Bacterial conjunctivitis is highly contagious. Most bacteria that cause conjunctivitis are spread through direct hand-to-eye contact from contaminated hands. People can get conjunctivitis just by touching or using something that an infected person has touched or used. It can also spread by large respiratory tract droplets. Bacterial conjunctivitis is less common in children older than 5 years of age.

Topical antimicrobial therapy is indicated for bacterial conjunctivitis, which is usually distinguished by a purulent exudate.

Depending on the cause of bacterial conjunctivitis, some patients may have additional symptoms or conditions, such as the following:

  • Hyperacute bacterial conjunctivitis — a more severe type of conjunctivitis that occurs suddenly, develops rapidly and is accompanied by a large amount of yellow-green discharge that returns even after being wiped away from the eye(s). It is most often caused by Neisseria gonorrhoeae in sexually active adults. This infection can lead to vision loss if not treated promptly by an eye doctor. [2]
  • Chronic bacterial conjunctivitis — often develops along with another inflammatory condition (blepharitis) that promotes bacteria growth in the eyelid; flaky debris and warmth along the lid may also be present. Symptoms last for at least 4 weeks with frequent episodes. People with this condition should see an eye doctor. [3]
  • Inclusion (chlamydial) conjunctivitis — more common in newborns; includes redness of the eye(s), swelling of the eyelids, and discharge of pus, usually 5 to 12 days after birth.
  • Gonococcal conjunctivitis — more common in newborns; includes red eyes, thick pus in the eyes, and swelling of the eyelids, usually 2 to 4 days after birth.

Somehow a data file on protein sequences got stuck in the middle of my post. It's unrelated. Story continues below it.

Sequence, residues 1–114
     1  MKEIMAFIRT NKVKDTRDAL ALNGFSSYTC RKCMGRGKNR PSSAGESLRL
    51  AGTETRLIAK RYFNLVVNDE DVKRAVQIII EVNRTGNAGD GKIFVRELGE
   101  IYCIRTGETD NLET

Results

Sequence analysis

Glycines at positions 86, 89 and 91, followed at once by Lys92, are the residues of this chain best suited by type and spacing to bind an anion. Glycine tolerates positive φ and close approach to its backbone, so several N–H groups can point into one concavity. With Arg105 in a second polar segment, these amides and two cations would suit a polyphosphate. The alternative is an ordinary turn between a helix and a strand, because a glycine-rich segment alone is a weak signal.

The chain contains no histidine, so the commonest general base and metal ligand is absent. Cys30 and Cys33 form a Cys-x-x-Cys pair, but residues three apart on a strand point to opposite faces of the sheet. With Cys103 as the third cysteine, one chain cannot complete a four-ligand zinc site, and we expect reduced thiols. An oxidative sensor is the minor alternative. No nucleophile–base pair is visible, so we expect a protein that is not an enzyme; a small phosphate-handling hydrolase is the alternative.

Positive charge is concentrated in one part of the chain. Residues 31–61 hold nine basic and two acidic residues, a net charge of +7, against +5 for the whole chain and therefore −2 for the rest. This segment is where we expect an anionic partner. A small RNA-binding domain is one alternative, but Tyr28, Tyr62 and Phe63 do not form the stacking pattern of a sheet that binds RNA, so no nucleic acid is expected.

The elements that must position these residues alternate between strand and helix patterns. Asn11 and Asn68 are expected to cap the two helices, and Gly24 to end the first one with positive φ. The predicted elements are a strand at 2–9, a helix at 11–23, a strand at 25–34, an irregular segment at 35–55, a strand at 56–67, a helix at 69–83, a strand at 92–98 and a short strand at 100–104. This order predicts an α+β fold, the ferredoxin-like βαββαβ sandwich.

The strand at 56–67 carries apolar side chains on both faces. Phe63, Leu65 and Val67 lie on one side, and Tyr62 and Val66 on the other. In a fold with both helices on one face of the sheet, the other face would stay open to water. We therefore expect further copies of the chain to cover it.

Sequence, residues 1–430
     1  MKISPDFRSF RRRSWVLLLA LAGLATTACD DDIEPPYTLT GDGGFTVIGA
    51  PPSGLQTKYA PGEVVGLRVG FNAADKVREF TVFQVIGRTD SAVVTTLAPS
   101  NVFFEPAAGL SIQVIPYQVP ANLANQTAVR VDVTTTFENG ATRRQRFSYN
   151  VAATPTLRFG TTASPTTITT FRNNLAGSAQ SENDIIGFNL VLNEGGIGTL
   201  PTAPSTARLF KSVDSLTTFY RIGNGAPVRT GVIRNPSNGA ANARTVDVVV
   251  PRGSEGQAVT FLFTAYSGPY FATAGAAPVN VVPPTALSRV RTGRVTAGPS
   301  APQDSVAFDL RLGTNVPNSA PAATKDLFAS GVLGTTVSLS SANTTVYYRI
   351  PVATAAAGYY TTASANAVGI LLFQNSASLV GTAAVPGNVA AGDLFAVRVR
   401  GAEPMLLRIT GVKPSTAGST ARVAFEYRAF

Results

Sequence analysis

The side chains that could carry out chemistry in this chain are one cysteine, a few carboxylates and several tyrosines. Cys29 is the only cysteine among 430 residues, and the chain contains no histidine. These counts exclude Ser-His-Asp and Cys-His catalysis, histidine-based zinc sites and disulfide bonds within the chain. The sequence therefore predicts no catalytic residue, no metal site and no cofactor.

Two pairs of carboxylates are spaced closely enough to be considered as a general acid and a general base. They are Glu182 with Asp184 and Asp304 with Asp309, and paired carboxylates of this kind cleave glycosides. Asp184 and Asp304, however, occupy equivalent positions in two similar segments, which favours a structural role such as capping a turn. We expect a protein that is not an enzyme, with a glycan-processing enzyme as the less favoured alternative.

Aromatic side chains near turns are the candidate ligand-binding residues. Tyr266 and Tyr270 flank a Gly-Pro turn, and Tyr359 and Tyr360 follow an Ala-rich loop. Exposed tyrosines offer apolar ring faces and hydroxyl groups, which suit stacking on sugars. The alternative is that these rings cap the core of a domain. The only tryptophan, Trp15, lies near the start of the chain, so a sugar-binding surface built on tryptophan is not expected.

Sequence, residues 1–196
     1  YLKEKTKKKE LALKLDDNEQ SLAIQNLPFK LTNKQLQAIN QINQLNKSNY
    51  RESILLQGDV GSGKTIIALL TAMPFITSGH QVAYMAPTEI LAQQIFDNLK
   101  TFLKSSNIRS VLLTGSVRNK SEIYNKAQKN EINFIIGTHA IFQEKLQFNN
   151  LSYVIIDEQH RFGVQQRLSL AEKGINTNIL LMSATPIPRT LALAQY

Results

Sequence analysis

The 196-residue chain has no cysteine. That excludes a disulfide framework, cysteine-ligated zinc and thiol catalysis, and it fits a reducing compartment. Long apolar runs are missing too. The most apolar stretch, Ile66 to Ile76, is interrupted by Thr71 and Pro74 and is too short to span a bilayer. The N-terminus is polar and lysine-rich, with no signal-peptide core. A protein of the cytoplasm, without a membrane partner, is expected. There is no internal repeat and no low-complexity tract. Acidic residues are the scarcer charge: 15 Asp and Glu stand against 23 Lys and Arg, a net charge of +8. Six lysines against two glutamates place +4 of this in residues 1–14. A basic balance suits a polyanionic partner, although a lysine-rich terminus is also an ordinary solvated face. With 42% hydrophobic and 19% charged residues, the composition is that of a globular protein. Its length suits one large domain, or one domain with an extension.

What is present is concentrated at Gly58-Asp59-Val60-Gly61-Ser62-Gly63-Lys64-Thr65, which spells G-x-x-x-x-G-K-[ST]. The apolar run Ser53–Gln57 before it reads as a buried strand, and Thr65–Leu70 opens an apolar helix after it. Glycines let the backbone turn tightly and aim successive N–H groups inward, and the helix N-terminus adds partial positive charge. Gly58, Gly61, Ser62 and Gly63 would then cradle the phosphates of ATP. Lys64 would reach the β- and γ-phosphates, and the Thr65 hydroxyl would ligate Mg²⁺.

• Trachoma — a chronic follicular conjunctivitis caused by Chlamydia trachomatis that leads to scarring in the conjunctiva and cornea and is the leading global cause of preventable blindness of infectious origin. It is transmitted from person to person, through shared items or by flies. Repeat infections occur in children less than 10 years of age, and it is common in developing countries. Learn more about trachoma and other hygiene-related diseases.

Allergic Conjunctivitis

This is a scanning electron micrograph of an Ambrosia trifida plant, or more commonly known as ragweed.

Scanning electron micrograph of an Ambrosia trifida plant, more commonly known as ragweed.
(CDC Public Health Image Library)

Allergic conjunctivitis is common in people who have other signs of allergic disease, such as hay fever, asthma, and eczema. It is caused by the body’s reaction to certain substances to which it is allergic, such as

  • Pollen from trees, plants, grasses, and weeds
  • Dust mites
  • Animal dander
  • Molds
  • Contact lenses and lens solution
  • Cosmetics

Footnotes

1 American Academy of Pediatrics. Recommendations for care of children in special circumstances. In: Kimberlin DW, Brady MT, Jackson MA, Long SS, eds. Red Book: 2015 Report of the Committee on Infectious Diseases. 30th ed. Elk Grove Village, IL: American Academy of Pediatrics; 2015.

2 Crounau H, Kankanala RR, Mauger T. Diagnosis and management of red eye in primary care. Am Fam Physician. 2010;81:137-44.

3 Høvding G. Acute bacterial conjunctivitis. Acta Ophthalmol. 2008;86(1):5–17.